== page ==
In an effort to shed more light on the NYPD’s use of deadly force against civilians, the New York Civil Liberties Union has filed a lawsuit in state court challenging the Department’s refusal to disclose basic facts about individual police shootings.
The lawsuit, filed Thursday, seeks access to two types of reports the NYPD creates after police officers fire their weapons at civilians: an initial investigatory report filed 24 hours after the incident, and a more detailed report completed 90 days after the shooting. These reports are essential for the public to understand and assess the NYPD’s shooting practices.
In January, the NYCLU filed a Freedom of Information Law (FOIL) request for access to these reports on every police shooting since 1997. The NYPD denied the NYCLU’s FOIL request in its entirety, withholding as much as thousands of pages of basic facts about police shootings.
“Once again, the NYPD has chosen secrecy over sunshine,” said Christopher Dunn, NYCLU associate legal director and lead counsel in the lawsuit. “Police shootings raise critically important issues, and the public has a right to know the facts about these incidents.”
The NYCLU began a concerted effort to obtain information on police shootings after NYPD officers shot and killed an unarmed Sean Bell in November 2006. In October 2007, it filed a FOIL request seeking access to the NYPD’s annual statistical reports on police shootings from 1996 through 2006 as well as data about the race of civilians shot at by police.
The NYPD produced the annual statistical reports, but it denied the NYCLU’s request for racial data. The Department stopped including information about race in its annual shooting report in 1998, after four NYPD police officers shot and killed an unarmed Amadou Diallo. The annual reports released in 1996 and 1997 show that 89.5 percent of shooting victims during those two years were black or Latino.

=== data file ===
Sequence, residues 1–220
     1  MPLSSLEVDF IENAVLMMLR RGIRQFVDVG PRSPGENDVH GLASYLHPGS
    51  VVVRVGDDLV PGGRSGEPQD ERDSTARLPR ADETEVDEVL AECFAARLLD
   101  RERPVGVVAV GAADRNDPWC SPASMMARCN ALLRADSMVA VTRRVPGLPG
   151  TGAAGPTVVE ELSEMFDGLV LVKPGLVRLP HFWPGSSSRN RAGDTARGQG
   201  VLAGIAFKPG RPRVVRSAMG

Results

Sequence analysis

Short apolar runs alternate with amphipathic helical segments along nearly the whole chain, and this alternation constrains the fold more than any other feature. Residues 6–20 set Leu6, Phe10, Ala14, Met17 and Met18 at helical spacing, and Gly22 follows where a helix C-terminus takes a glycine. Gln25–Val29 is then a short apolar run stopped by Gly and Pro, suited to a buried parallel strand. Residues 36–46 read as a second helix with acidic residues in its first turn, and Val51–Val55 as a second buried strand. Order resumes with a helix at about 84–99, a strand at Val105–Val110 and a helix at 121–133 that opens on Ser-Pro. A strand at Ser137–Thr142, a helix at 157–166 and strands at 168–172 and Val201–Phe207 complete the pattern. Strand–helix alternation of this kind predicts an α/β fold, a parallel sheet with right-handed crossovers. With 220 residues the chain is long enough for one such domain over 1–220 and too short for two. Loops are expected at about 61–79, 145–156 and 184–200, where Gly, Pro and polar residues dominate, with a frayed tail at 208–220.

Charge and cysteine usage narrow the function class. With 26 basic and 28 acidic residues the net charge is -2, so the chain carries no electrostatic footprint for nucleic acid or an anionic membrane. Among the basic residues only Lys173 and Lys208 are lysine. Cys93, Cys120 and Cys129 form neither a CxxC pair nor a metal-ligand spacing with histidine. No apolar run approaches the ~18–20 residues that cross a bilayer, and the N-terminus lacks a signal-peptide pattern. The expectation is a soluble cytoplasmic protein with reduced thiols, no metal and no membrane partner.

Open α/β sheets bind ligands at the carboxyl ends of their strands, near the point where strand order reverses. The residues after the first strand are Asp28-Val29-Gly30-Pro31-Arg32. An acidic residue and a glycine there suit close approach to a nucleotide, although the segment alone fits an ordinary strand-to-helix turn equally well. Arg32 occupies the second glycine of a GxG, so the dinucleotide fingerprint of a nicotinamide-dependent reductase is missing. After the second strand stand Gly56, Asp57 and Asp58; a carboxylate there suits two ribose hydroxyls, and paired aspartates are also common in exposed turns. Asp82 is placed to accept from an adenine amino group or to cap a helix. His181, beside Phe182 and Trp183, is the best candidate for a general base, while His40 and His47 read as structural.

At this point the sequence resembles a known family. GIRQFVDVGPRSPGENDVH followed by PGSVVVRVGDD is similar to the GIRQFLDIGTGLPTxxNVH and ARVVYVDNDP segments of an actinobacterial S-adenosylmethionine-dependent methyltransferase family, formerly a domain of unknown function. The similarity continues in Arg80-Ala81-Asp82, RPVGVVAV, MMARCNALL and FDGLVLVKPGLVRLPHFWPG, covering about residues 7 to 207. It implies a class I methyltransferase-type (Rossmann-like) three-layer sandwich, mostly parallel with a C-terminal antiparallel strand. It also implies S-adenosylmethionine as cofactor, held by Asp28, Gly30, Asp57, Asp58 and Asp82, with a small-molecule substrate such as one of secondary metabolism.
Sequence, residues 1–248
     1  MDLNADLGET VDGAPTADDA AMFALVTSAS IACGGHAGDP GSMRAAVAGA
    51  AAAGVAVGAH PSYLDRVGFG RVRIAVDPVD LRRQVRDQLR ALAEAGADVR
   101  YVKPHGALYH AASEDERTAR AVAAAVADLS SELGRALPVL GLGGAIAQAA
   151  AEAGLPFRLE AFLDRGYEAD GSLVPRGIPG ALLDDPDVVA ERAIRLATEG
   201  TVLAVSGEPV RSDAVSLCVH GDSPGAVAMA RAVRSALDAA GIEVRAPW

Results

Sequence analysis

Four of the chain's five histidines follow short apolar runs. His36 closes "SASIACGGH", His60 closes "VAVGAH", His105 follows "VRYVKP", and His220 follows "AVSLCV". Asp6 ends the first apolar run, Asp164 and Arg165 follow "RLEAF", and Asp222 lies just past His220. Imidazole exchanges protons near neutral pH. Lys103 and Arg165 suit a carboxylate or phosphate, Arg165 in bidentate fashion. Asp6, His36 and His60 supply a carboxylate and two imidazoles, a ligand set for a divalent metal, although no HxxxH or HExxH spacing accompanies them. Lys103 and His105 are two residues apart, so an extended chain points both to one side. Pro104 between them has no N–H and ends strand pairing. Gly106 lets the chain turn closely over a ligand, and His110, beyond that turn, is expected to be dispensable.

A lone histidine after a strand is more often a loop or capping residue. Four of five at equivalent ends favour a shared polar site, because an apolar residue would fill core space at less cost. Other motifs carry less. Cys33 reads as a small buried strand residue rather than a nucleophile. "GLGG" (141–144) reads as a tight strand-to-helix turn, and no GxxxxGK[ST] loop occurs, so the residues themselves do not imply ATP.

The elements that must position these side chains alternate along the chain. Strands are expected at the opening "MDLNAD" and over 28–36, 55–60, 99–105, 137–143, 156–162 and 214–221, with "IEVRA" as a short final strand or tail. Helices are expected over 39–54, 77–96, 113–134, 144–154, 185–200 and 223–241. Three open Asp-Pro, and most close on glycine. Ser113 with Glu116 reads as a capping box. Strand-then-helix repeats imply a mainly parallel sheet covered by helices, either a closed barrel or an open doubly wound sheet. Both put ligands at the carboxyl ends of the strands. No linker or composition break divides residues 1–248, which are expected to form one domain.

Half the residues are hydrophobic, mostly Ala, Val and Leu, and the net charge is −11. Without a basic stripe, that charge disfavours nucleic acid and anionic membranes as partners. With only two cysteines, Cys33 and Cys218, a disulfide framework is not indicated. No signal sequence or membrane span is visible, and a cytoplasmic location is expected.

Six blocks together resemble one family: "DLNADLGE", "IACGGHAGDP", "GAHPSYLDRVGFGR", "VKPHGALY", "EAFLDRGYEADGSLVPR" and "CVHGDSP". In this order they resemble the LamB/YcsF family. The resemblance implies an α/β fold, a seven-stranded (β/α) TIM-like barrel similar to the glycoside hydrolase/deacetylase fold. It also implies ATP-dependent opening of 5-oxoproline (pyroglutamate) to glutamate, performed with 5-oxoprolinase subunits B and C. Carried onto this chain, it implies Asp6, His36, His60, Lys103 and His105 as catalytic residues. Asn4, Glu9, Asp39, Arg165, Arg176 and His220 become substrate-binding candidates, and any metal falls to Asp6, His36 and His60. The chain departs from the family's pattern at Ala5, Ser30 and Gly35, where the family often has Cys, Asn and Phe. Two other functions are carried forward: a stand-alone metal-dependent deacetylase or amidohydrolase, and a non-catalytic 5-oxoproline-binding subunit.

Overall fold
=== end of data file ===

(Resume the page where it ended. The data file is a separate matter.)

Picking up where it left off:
The NYCLU filed a lawsuit in August 2008 to obtain the racial data on police shooting victims. That lawsuit is pending. The NYCLU has also sued for access to the NYPD’s stop-and-frisk database and information about the Department’s multi-million dollar surveillance system. The NYCLU currently has more than a dozen outstanding FOIL requests that the Police Department is either dragging its heels on or that are already in litigation.
“The Police Department has a pattern of stonewalling the public and refusing to divulge even the most basic information about its activities. When the public doesn’t have basic information, it’s easy for the NYPD to selectively release data that gives the appearance of facts, but is not based on the truth,” NYCLU Executive Director Donna Lieberman said. “The issue of police shootings is literally one of life and death. The information we’ve obtained thus far paints a troubling, but vastly incomplete, picture of the NYPD’s shooting practices. New Yorkers have a right to the full story, not the NYPD’s spin.”
In May 2008, the NYCLU released an analysis on NYPD shootings based on documents from which the Department redacted race information.
That analysis revealed that:
- In 77 percent of the incidents where officers fired their weapons at civilians between 1999 and 2006, the officers were the only ones shooting, with officers often shooting at unarmed civilians.
- In 2006 (the most recent year for which there is information), police officers fired an average of five shots per incident when they were the only ones shooting, which is the highest number for the entire eight years for which these figures have been reported.
In June 2008, the RAND Corporation release a study the NYPD commissioned following the Bell shooting on the Department’s shooting practices. The study, based on the same information the NYPD refuses to disclose publicly, uncovered many instances when police may have fired unnecessarily at civilians. It concluded that the NYPD does not adequately scrutinize its shooting practices.
Concerned by the NYPD’s lack of transparency, in January the City Council voted unanimously to require the NYPD to release annual reports of detailed statistics about police shootings, including the race of civilians shot at by officers. The law does not require reporting about the facts of individual shooting incidents.
In addition to Dunn, lawyers on the case are Alyssa Bell, Mindy Friedman and Rachel Presa, students in the Civil Rights Clinic of the New York University School of Law.